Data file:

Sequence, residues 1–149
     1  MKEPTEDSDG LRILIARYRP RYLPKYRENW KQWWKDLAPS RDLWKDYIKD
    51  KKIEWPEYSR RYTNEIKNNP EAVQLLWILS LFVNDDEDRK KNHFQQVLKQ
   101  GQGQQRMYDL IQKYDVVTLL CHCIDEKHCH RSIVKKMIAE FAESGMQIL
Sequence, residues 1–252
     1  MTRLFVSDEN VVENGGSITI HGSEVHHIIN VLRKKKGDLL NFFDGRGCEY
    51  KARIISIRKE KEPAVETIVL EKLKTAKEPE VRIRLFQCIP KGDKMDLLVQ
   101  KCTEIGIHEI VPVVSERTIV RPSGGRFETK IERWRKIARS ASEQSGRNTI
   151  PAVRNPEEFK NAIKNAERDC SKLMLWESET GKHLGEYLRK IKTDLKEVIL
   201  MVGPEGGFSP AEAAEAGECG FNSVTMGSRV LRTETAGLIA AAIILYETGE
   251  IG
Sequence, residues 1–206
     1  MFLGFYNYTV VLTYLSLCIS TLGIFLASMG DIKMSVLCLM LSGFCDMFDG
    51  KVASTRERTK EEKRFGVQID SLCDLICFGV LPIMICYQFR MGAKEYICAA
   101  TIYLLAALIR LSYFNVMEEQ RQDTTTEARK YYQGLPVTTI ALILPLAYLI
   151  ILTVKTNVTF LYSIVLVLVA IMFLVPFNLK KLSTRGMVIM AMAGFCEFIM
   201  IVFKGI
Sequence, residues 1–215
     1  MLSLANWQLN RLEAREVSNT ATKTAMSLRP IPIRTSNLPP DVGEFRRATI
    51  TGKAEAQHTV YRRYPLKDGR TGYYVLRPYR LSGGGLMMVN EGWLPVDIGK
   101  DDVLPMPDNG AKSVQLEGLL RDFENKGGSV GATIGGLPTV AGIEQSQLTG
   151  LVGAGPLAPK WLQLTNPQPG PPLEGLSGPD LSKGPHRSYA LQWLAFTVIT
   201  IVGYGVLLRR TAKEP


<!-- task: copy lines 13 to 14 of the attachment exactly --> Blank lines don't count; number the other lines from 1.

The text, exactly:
     1  MFLGFYNYTV VLTYLSLCIS TLGIFLASMG DIKMSVLCLM LSGFCDMFDG
    51  KVASTRERTK EEKRFGVQID SLCDLICFGV LPIMICYQFR MGAKEYICAA